Thursday, February 17, 2011

The Singing Of Our Tribe

 Gary Snyder, 2011
—Photo by Katy Brown

—Katy Brown, Davis

They use the same words I do:
wind, water, heart, omen.
They use sentences, usually English,
as I do. And walk as I do,
through a similar world.

Yet the pens they hold
put words in a different order.
They notice things I never see
until they point them out.
They keep an orderly muse.

My muse hands me scrambled thoughts,
directs my attention to motes of dust,
leads me into blind alleys and dark corners.
My pen is mostly dry or blotchy.
No clarity, here. No observation

of grand spaces or unfolding ideas.
It’s rambles of image, colliding in confusion,
a cacophony of words, randomly chosen,
attention skipping from flower to star.
How am I to make a poem of this?


Our thanks to today's contributors, including Katy Brown, who has been making the best of her brand-new retirement by attending readings and book shows, snapping photos wherever she goes, then coming home and writing about it. Her photo of Gary Snyder was taking at UCD last week.

Snow and ice will probably keep me up on the hill tonight—not that we'll be snowed in, but once the roads are plowed, they turn icy at night and unsafe for travel. [See "Life in Pollock Pines" at the bottom of the skinny blue box for a visual.] Anyway, frank andrick will be holding down the fort this evening, February 17, at 8pm at Luna's Cafe, 1414 16th St., Sac., for the release of WTF9. He'll be starting our third year and welcoming Rachel Leibrock to the staff as Associate Editor. Check it out! And don't forget the March 1 deadline for O2—the second issue of our online journal, The Ophidian. Check the b-board at the right for details on these happenings and many, many more!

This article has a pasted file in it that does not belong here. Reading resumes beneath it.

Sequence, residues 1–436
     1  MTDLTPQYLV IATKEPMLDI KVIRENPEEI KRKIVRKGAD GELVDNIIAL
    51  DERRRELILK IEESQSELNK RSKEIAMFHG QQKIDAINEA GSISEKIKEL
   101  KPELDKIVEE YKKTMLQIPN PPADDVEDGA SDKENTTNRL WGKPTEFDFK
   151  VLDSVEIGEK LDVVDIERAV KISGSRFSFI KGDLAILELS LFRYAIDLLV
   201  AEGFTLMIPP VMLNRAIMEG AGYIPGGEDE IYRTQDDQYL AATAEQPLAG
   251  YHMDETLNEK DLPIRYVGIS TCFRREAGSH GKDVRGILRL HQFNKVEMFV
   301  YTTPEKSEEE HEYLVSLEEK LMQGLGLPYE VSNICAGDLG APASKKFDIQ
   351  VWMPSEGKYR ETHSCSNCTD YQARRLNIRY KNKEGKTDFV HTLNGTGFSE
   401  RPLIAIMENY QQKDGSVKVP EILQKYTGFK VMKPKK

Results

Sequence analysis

Do you ever go to Check it out—but save plenty of time for it; it’s addictive!


There are many shades and hues of blue
within its own scheme to fit one's mood
for some reason most "color blind" individuals see it
even replacing it for many other colors in the rainbow
Symbolic of either sadness or joy
it can mean death or life
depending on the culture or circumstances
Azure and cyan sky colors on clear days
Warm baby blues, electric and aquamarine
reflections in water and the seas
Dark shades for above when it rains
Midnight and indigo surrounding the moon

—Michelle Kunert, Sacramento


—Allegra Silberstein, Davis

I wait in my blue gown
lips lined
throat gone dry
for the call that does not come.

Pictures on my bedroom wall
ease this wanting time:

a seated ballerina, her back to me,
turns her gaze to a blue-shadowed
painting: a Degas dancer
on the wall beside her.
She waits there.

Ingres’ woman in blue,
Comtessa d’Haussonville,
crooks the pointer finger of her right hand
beneath her chin and smiles.
She has no need to wait.

Beyond these walls,
beyond pictures here,
minute by minute days grow shorter.
Startled moments fly like wild geese
crying above autumn clouds.

On his white horse
Rembrandt’s Polish Rider looks
into distance. No one knows for sure
the meaning of this enigmatic painting
so alone
here in my bedroom I can believe
he rides to me.

By my garden wall
a blue jay
brash blue with shades of brown